Saturday, January 27, 2007

Art Space Talk: Shona Macdonald

I recently interview artist Shona Macdonald. Shona has exhibited widely and has been featured in Art in America, ARTnews, and New American Paintings. Her work uses the visual language of drawing and painting to expand on the semiotic similarities between maps and fractals. This allows her work to address issues of place, location, memory and land.

Shona is an assistant professor of art at the University of Massachusetts at Amherst, where she teaches Drawing, Painting, and advises undergraduate and graduate students.

Q. When did you first discover that art would be an important part of your adult life?

A. "I can't remember a time as an adult that it wasn't. I guess that means it's always been important."

Q. How has society influenced your art? Are there any social implications in your art?

A. "Art is a way of sifting through what society dishes out at you, good and bad, I think of it the other way around, art helps me think about how to navigate society."

Q. On average, how long does it take you to create a piece?

A. Months... sometimes more of this time is spent on research and trying out thing, etc, than actually making it. So much of what artists do is hidden."

Q. Can you share some of your philosophy about art and artistic creation?

A. "I don't think its romantic, I think its a lot of hard day-to-day work. The deeper-wrought philosophical meanings are in the work and I don't like to spell them out."
Q. Has your art ever been published?

A. "Yes. Art in American, ARTnews, Harpers, New American Paintings."

Q. What was your most important exhibition? Care to share that experience?

A. "Solo drawing survery show in 2005 at the Chicago Cultural Center. It was so good to see six years of work together in one space."

Q. Do you have any 'studio rituals'? As in, do you listen to certain types of music while working? What helps to get you in the mood for working?

A. " Guilt helps me get in the mood for working. No real rituals, except I just got an I-pod which is proving very useful as I don't have to keep stopping to wash my hands in order to chage a cd. I just set it on shuffle."
Q. If you could pinpoint the characteristics of people who collect your art, what would they be?

A. " I don't know, I've only met one couple in Northern California, and I can't judge everyone by them!"

Q. Discuss one of your pieces. What were you thinking when you created it?

A. " ISLES #4, a drawing, I was thinking about travel, memory, and place."

Q. Do you have a degree or do you plan to attend school for art? If so, how did it help you as an artist? What can you tell us about the art department that you attended?

A. "Yes, I have two degrees. A BFA from Glasgow School of Art in Scotland and an MFA from UIC in Chicago. They helped in pragmatic ways providing: studio space, a community of students, etc. They were polar opposites from each other. Glasgow was traditional, figurative, UIC was conceptual, minimalist."

Q. Why did you choose the medium(s) that you use?

A. "I seem to have an affinity for them that I don't seem to have for anything else I've tried."

Q.Where can we see more of your art?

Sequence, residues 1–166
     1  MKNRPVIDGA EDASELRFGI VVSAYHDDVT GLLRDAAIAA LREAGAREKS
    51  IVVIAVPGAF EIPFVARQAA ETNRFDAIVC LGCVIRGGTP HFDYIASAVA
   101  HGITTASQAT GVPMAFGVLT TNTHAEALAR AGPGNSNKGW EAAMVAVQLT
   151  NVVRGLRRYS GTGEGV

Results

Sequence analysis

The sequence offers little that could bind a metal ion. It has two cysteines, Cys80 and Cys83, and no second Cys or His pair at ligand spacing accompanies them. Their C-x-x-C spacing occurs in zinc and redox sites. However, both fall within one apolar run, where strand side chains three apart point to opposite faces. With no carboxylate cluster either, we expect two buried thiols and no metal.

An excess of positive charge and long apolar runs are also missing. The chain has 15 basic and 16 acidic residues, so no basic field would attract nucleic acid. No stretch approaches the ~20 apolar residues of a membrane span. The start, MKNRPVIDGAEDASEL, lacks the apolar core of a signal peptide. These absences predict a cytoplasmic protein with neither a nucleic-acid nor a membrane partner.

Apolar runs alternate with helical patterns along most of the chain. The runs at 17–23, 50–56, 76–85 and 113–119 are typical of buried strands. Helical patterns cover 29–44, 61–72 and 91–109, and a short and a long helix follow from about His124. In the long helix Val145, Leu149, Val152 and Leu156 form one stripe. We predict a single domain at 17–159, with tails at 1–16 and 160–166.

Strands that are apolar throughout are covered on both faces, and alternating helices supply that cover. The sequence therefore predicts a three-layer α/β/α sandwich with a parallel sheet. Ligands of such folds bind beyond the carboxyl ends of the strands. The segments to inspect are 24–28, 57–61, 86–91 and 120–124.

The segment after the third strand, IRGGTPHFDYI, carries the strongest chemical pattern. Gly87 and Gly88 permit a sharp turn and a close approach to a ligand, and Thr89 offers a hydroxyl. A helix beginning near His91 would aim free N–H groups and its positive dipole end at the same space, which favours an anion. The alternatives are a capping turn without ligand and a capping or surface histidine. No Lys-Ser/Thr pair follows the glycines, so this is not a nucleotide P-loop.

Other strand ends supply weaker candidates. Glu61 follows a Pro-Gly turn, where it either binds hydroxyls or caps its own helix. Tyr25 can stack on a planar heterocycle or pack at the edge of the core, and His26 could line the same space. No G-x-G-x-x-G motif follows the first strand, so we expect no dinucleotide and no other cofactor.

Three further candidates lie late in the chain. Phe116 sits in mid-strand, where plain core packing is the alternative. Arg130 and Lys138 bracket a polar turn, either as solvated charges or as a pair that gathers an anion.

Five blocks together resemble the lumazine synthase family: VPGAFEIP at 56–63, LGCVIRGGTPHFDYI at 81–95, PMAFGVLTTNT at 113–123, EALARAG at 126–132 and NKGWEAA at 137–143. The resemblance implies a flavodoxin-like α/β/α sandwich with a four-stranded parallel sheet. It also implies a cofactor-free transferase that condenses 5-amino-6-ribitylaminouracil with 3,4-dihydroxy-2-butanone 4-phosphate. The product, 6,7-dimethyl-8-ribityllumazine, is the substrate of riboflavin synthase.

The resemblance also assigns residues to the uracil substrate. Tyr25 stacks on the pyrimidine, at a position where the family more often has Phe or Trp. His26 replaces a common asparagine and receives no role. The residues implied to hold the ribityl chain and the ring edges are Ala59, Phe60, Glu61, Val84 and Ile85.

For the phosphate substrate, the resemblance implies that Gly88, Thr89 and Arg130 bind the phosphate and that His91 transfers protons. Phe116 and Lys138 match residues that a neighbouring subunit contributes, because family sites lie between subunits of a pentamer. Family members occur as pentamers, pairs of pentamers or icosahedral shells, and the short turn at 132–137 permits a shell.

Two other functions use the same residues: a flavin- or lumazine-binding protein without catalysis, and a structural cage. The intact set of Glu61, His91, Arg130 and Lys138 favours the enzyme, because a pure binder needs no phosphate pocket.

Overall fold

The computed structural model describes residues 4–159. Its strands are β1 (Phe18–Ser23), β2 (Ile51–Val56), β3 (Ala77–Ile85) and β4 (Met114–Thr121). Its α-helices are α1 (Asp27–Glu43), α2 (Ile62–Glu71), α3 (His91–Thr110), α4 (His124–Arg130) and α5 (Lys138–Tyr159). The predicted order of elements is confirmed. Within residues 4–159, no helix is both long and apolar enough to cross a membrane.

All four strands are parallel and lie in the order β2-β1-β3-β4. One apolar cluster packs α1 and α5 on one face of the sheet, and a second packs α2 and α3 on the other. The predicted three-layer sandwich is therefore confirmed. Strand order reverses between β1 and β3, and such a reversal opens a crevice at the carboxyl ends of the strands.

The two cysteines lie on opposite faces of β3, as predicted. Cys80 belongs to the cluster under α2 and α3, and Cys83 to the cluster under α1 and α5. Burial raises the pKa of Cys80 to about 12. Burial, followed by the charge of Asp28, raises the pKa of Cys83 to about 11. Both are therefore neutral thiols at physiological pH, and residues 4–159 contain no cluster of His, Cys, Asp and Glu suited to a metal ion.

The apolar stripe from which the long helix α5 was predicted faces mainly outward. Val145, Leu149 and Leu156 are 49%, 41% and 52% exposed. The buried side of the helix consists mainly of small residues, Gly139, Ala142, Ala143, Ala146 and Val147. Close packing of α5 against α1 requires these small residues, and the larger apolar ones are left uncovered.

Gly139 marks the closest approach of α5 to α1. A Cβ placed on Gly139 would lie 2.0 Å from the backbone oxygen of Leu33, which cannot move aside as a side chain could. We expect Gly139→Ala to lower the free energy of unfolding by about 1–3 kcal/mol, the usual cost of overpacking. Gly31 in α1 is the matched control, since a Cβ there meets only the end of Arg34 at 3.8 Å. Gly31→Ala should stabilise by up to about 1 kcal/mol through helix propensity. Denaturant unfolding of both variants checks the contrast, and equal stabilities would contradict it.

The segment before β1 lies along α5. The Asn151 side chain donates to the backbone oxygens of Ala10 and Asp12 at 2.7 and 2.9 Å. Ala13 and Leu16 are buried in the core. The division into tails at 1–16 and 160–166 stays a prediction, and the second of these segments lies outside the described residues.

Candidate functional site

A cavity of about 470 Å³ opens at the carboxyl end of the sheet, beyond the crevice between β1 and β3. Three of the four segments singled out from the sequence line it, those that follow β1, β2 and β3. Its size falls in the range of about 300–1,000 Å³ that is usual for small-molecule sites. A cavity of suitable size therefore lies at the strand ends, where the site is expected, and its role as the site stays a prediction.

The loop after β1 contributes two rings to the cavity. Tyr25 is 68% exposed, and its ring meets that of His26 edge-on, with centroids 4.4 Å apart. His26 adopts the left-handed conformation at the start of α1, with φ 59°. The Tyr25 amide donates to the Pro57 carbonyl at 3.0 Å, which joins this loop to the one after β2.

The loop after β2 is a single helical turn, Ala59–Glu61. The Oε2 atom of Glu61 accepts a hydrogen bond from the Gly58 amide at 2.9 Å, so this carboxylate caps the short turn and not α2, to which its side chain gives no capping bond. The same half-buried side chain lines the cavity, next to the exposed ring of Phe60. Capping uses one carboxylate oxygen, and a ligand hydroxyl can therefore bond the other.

A. "Den Contemporary Art, La, CA Skestos Gabriele Gallery, Chicago."
Q. Are you represented by a gallery? Do you have any upcoming exhibits?
A. "Yes. I have an upcoming solo show at Den Contemporary in October 2007."

Q. What galleries have you exhibited in? Can you provide links to their sites?

A. "So many by now. They're all listed on my resume at my website."
Q. What trends do you see in the 'art world'?

A. "I don't know, I don't think about trends. I can barely make it through the Sunday NY Times, let alone art magazines!I find as an artist, I look at my life and my teaching and my location and think about those things. I'm a mother too, so I simply don't have the time to think about trends right now. I used to, and all it did was upset me because I always felt 'un-trendy'!

Q. Any tips for emerging artists?

A. "Get a studio as soon as you leave art school. Spend a lot of time in there developing a new body of work outside of academia, I mean really on your own. Then talk to other artists, form groups with other artists so you can visit each others studios, etc. Have an apartment show, don't wait around for galleries to come to you. If the work gets made and is good, you'll then have the confidence to approach a gallery, if that's what you want."
Q. What was the toughest point in your career as an artist? Have you ever hit rock-bottom?

A. "The whole of grad school was terrible for me, couldn't get the work together. Its actually been remarkable steady and healthy since then."

Q. In one sentence... why do you create art?

A. "I love doing it and wouldn't know what else to do with my brain and hands if I dind't."

Q. Has politics ever entered your art?

A. "Not party politics.

Q. Does religion, faith, or the lack thereof play a part in your art?

A. "Not directly, I don't rule anything out though. I'm interested in the sublime, for example which is a kind of faith.

Q. Is there anything else you would like to say about your art or the art world'?

A. "Not really. Thanks for the interview

I hope that you have enjoyed my interview with Shona Macdonald. Feel free to critique or discuss her work.

Take care, Stay true,

Brian Sherwin

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